I'm not meaning to say that ZFS is perfect. I'm sure it has bugs. I may have experienced some of those (although I've been lucky enough to never have driven it to extremes). It's user interfaces for management operations are different from traditional Unix-style commands, and that's for a good reason, since it deals in different entities than the traditional block device - mount paradigm. It's performance on my home machine has at times made me wonder how it is implemented to be so slow, but with my limited workload it has not been a problem. I know that there are some high-performance systems that use ZFS (Lustre comes to mind), so perhaps the problem is with my hardware or the way I have set it up.
 
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tedbell

tedbell

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Sorry I haven't bothered to read the whole thread. Do you want it as UFS or ZFS?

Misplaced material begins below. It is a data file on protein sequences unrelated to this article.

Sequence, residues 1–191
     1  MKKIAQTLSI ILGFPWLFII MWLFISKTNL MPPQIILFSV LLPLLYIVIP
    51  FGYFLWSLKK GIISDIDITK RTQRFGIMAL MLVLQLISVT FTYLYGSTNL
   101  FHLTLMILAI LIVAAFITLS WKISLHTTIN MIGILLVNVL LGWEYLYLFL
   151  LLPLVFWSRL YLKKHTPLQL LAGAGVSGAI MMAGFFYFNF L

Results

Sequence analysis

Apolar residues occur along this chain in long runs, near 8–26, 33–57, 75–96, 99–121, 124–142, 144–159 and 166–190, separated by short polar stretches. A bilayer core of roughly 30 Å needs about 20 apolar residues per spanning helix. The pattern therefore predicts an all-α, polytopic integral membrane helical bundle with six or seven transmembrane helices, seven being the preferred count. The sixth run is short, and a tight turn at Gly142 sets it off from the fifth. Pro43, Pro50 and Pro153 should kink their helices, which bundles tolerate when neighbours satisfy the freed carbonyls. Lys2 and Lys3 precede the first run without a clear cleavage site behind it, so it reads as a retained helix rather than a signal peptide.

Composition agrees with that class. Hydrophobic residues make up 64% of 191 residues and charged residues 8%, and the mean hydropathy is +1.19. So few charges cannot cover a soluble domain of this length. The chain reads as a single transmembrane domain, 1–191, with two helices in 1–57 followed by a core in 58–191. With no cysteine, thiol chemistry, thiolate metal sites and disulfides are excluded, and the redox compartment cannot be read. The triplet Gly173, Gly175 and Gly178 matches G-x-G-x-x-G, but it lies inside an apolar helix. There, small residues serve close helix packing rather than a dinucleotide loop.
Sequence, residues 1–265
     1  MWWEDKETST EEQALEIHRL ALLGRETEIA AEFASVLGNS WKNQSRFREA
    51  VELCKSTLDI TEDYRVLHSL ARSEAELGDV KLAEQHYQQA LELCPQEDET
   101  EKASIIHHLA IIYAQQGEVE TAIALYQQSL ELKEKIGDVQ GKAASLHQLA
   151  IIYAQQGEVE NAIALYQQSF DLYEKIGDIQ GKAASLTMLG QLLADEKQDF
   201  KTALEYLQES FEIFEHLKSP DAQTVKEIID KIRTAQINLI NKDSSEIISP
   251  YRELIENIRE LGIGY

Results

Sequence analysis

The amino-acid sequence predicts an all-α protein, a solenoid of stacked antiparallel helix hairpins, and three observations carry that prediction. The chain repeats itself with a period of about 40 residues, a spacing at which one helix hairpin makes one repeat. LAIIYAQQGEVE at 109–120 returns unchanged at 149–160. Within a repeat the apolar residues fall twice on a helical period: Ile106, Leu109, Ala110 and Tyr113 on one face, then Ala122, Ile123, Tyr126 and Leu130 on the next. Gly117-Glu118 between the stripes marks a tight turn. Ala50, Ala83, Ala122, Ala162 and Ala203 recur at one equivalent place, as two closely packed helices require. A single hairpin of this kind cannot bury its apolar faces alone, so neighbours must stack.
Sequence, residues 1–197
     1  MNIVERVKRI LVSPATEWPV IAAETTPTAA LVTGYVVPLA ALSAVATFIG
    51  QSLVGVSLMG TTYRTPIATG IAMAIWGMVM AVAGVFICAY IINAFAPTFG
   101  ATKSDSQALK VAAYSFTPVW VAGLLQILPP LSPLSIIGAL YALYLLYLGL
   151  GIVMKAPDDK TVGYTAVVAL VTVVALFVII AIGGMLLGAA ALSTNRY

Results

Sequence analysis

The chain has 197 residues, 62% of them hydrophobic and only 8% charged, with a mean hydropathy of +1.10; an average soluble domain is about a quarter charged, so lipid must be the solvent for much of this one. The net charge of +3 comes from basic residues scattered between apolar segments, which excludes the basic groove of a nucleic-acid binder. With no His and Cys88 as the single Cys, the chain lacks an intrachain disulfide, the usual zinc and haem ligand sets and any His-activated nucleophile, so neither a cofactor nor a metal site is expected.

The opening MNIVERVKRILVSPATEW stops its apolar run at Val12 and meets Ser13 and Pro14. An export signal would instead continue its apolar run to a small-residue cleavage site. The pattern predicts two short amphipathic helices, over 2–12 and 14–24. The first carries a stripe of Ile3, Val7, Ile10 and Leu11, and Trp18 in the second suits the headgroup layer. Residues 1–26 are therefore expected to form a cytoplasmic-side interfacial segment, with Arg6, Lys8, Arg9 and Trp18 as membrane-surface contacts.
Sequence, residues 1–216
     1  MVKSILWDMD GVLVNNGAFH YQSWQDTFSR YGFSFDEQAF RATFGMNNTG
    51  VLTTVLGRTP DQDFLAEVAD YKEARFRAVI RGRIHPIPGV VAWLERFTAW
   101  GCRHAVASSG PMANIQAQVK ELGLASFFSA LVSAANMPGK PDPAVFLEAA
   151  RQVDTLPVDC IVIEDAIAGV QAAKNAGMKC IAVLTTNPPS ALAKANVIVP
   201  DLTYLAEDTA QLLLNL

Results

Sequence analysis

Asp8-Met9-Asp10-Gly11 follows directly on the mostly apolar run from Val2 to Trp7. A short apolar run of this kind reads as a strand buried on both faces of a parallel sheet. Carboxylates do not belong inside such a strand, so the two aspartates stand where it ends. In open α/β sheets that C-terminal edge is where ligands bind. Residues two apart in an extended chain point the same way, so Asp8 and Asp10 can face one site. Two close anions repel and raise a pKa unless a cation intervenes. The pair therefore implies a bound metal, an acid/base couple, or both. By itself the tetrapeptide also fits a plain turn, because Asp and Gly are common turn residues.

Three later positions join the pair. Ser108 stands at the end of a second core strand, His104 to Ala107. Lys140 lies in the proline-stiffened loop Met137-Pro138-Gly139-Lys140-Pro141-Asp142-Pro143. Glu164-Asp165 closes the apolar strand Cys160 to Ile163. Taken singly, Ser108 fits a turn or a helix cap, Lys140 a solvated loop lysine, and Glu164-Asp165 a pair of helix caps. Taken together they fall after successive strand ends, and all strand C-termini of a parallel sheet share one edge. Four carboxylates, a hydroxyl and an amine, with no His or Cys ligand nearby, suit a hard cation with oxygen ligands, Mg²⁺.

A partition is just a partition, and it, or the gpt type you give it, has nothing to do with the filesystem you put on it. If you want to use UFS it can stay as it is. If you want to use ZFS then you will need to create a ZFS pool on the partition, which will overwrite the data already on there. It's not possible to just change between filesystems. If you want to change from one to the other you'll need to copy data off, reformat the partition using the new filesystem, then copy data back.
I think I'll leave them as they are until I get a machine with UEFI. Right now, BTX crashes when I boot with any kind of ZFS (GPT, MBR, etc) and my external drives connected. Thanks.